I know we love springtime in Georgia. The flowers are blooming. Dogwood blossoms are always amazing. Warming temperatures are feeling pretty good too, especially after such a cold winter. However, March is my least favorite month. I think you know why. It’s severe storm and tornado season.
Damaging winds occur, on average, 19 days per year. These events have taken place in every month of the year but tend to be most frequent during the spring and summer months. The peak month is July, during which more than 500 events were reported over the past 40 years. During the favored months, the most likely time of day for wind damage is mid-afternoon through early evening.
Large hail pelts north Georgia on average seven days per year. April is the month of peak occurrence, but many episodes have also been reported in March and July. During this active period, the most likely time of occurrence is from mid-afternoon through early evening, during the maximum heating of the day.
The average number of tornado days is six per year. While tornadoes have been reported in all months of the year, most occur in March through April. During this “tornado season” the most likely time of occurrence is from mid-afternoon through early evening.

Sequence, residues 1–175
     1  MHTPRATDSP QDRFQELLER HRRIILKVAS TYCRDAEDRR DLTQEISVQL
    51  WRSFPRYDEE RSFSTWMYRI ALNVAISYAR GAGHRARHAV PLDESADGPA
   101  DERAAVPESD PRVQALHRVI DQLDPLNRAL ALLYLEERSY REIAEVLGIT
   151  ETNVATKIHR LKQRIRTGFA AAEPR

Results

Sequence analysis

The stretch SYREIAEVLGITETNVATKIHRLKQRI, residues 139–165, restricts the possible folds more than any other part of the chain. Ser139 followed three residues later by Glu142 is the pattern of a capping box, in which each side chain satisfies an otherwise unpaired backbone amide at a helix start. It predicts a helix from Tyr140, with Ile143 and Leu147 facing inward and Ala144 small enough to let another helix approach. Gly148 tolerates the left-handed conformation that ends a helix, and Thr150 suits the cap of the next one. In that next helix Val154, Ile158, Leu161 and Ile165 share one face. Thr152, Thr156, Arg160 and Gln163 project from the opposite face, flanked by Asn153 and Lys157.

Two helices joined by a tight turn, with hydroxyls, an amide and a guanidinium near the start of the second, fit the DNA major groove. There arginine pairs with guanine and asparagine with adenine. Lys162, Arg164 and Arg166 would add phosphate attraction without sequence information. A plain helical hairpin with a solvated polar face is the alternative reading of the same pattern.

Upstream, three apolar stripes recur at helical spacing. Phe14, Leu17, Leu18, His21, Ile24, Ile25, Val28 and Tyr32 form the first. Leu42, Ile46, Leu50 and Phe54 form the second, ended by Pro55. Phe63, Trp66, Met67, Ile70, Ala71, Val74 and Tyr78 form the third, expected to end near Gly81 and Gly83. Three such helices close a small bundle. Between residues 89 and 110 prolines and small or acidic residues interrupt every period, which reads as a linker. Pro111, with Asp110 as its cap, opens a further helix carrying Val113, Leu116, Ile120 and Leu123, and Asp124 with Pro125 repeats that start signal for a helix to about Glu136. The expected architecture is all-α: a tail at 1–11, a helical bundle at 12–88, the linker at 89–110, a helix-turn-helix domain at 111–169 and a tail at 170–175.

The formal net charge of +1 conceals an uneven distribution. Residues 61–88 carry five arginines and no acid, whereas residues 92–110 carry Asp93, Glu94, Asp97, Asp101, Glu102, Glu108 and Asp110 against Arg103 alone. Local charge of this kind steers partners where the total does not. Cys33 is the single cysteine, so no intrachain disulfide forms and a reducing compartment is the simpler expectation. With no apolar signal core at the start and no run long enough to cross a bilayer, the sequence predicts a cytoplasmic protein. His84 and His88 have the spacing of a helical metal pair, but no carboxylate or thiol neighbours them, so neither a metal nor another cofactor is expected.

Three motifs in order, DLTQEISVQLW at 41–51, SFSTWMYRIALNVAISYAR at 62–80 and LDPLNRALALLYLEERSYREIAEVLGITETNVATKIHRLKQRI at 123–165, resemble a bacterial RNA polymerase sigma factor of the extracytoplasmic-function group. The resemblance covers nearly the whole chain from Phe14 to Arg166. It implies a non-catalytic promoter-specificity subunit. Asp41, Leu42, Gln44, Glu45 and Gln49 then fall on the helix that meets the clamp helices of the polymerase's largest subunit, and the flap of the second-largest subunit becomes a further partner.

Tornado intensities of F2 or greater are involved in 37 percent of the events when data are broken down into a county-by-county basis. These strong tornadoes are more likely to occur during the months of March and April than in any other months of the year.
A significant and deadly tornado outbreak took place from March 24–28, 2021 in the Southeast, just one week after another outbreak hammered the area. There were 43 tornadoes confirmed across 11 states, with the bulk of activity on March 25, which resulted in the Storm Prediction Center issuing its second “High Risk Outlook” for the month of March, as well as the second high risk outlook for 2021. Several intense tornadoes touched down on that day, including ones that prompted the issuance of rare emergencies near the Alabama towns of Hoover, Brent and Centreville and in the Newnan, Ga., area. Scattered to widespread wind and hail damage occurred throughout the outbreak, and repeated rounds of heavy rain caused widespread severe flash and river flooding across much of Tennessee. Six people were killed near Ohatchee, Ala. by an EF3 tornado, while an EF4 tornado killed one person in Newnan. We saw the tornado on radar and how massive it was. We knew it was going to be bad. So, yes, March is a month I dread.
We do have some incredible technology available to us to track and forecast these tornado-producing storms. The Storm Prediction Center will let us know days in advance when our risk for severe storms is going up. You can learn the five threat levels and what they mean by checking out the accompanying graphic.
Stay safe my friends.